Controversy's end: Tagrid Saadi, whose bid for the Sakhnin City Council was challenged by the Movement for Quality Government in Israel (MQG), announced Sunday that she will be dropping out of the municipal race.
Earlier, the High Court heard MQG's motion to have Saadi, who ran as part of the Hadash list, struck from the party's city roster, on grounds of previous terror affiliation.
Saadi, an Israeli Arab, was convicted of aiding an enemy agent and conspiring with terror elements, in connection with the 2002 terror attack on Jerusalem's Mahane Yehuda market, which claimed the lives of sic Israelis.
Saadi served six years in prison and was release in early 2008.
The Movement for Quality Government demanded she be removed for the Hadash list, further asking the court to order the Sakhnin Municipality to postpone the elections, scheduled for November 11.
The State Prosecutor's Office, which was called to submit a brief in the case, told the court that Saadi filed a false declaration to the Municipal Elections Committee, stating she was eligible to take part in the race for city council.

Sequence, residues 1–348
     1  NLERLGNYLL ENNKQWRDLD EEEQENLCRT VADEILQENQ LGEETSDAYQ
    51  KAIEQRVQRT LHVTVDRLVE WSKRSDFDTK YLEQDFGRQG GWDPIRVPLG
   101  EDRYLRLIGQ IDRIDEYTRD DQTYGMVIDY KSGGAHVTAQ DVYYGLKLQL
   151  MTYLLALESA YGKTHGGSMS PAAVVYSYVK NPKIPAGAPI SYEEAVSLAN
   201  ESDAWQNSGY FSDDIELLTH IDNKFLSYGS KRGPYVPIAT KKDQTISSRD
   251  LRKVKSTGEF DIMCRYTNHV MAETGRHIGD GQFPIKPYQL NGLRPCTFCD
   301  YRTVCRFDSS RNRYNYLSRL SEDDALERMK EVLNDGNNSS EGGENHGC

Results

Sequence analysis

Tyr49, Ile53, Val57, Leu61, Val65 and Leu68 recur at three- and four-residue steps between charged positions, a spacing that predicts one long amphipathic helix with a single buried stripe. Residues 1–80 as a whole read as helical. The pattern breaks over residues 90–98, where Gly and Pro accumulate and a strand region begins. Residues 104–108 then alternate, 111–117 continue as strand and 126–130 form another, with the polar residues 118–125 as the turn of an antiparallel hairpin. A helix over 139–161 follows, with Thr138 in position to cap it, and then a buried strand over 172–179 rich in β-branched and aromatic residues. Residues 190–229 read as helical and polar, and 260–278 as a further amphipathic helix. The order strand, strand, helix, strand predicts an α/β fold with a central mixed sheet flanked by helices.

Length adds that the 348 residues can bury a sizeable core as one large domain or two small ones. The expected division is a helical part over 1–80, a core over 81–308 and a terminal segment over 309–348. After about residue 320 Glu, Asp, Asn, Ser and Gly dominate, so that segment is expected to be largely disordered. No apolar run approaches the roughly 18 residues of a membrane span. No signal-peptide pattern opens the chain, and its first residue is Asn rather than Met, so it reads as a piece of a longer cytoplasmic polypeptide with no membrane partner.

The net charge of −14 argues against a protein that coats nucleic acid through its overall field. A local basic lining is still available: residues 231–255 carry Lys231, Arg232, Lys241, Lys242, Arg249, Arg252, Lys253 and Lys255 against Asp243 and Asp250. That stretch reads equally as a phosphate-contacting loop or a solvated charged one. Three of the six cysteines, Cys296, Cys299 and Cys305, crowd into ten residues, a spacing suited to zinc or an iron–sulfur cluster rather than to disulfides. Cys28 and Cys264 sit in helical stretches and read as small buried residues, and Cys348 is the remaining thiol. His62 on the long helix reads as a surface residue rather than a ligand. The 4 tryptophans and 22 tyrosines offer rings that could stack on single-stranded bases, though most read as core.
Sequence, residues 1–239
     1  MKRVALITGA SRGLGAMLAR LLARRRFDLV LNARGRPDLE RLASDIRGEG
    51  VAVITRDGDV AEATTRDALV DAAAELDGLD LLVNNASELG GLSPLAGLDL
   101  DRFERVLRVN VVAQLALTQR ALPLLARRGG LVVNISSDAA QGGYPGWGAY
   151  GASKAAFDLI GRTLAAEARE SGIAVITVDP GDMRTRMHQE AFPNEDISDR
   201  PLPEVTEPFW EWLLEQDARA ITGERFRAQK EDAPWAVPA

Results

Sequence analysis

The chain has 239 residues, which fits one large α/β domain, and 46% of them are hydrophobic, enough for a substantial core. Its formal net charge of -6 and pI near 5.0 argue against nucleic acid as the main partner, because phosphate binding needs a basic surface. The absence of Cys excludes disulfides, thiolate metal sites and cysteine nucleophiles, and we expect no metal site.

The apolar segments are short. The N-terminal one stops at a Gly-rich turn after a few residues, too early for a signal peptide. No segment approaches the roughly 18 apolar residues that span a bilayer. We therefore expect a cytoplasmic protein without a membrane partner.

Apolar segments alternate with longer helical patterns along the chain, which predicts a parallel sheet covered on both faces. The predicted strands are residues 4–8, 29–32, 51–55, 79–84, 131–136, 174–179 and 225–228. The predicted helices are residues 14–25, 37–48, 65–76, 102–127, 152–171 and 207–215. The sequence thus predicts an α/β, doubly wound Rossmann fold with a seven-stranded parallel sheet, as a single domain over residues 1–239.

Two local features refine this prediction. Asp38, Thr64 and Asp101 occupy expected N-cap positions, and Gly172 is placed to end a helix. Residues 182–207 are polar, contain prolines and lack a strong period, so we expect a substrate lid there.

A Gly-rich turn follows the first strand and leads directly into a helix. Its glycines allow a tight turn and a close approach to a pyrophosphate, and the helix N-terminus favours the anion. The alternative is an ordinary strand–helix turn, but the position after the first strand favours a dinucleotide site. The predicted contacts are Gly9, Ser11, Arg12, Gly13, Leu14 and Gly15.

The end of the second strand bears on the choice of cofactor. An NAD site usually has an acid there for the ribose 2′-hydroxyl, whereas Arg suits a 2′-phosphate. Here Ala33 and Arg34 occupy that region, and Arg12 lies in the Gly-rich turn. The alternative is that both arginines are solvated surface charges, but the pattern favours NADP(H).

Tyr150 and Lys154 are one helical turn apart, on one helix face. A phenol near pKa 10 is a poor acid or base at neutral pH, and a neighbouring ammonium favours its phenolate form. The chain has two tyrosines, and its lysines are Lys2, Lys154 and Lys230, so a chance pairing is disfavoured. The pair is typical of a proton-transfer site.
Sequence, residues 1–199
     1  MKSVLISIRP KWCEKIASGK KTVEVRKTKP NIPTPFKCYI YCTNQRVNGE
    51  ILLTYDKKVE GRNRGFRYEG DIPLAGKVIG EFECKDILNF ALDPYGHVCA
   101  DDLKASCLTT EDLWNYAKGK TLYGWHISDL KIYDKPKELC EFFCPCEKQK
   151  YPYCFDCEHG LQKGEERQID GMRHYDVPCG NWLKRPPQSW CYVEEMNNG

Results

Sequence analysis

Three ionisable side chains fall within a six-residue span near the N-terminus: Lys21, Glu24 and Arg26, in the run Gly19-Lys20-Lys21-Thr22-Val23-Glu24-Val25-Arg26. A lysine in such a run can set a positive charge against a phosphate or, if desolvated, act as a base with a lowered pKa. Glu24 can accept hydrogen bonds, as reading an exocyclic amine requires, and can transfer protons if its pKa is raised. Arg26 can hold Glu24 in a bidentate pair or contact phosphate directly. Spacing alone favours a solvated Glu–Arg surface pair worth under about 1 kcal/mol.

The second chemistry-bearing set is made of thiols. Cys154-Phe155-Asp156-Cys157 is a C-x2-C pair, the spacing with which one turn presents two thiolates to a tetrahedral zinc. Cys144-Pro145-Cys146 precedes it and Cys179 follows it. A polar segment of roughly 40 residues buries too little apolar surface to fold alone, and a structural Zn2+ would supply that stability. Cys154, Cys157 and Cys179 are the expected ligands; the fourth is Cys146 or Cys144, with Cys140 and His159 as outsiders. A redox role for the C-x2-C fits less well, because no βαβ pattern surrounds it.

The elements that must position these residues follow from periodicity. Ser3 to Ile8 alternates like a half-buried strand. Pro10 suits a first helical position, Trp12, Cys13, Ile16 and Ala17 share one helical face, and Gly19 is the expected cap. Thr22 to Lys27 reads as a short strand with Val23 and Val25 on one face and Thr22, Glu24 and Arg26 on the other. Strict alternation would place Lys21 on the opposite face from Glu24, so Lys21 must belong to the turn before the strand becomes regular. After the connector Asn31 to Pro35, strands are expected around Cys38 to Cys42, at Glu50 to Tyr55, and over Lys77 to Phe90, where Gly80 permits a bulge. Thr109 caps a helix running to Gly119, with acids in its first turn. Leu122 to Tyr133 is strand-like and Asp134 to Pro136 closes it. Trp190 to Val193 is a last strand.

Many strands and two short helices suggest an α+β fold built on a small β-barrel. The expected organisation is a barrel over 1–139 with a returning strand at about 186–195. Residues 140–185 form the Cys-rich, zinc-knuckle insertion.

The false affidavit was discovered at a date too close to the elections, which prevented the Municipal Elections Committee from ordering Hadash to change its list.
The State said it saw to postpone the elections in Sakhnin, suggesting the court orders Saadi's bid be null and void, thus preventing her from serving on the city council even if elected.
Attorney Gilad Sherman, for the State, told the court that "postponing the Sakhnin elections would do more harm then the possible election of a woman whose candidacy would be made irrelevant."
Saadi initially filed a motion to quash MQG's petition, claiming that once she was approved as a candidate her bid could not be contested, but eventually decided to concede.